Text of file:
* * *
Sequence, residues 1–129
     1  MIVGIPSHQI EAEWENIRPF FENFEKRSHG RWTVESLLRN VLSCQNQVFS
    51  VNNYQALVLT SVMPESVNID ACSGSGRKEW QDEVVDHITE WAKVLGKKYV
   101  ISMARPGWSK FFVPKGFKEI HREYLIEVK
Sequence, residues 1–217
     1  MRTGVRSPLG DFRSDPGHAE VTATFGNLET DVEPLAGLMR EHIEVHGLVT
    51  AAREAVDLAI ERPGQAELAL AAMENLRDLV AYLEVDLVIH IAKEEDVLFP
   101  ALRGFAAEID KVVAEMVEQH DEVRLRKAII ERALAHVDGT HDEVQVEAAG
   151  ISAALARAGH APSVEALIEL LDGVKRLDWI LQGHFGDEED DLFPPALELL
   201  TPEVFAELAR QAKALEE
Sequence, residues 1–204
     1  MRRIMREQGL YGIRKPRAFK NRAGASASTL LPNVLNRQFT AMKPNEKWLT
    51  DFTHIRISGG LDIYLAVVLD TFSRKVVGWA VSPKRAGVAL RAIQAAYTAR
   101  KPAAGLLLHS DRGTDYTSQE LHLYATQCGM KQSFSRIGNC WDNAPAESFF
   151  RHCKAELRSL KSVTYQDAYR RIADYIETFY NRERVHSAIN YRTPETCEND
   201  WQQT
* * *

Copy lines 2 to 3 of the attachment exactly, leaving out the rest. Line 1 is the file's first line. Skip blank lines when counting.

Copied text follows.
     1  MIVGIPSHQI EAEWENIRPF FENFEKRSHG RWTVESLLRN VLSCQNQVFS
    51  VNNYQALVLT SVMPESVNID ACSGSGRKEW QDEVVDHITE WAKVLGKKYV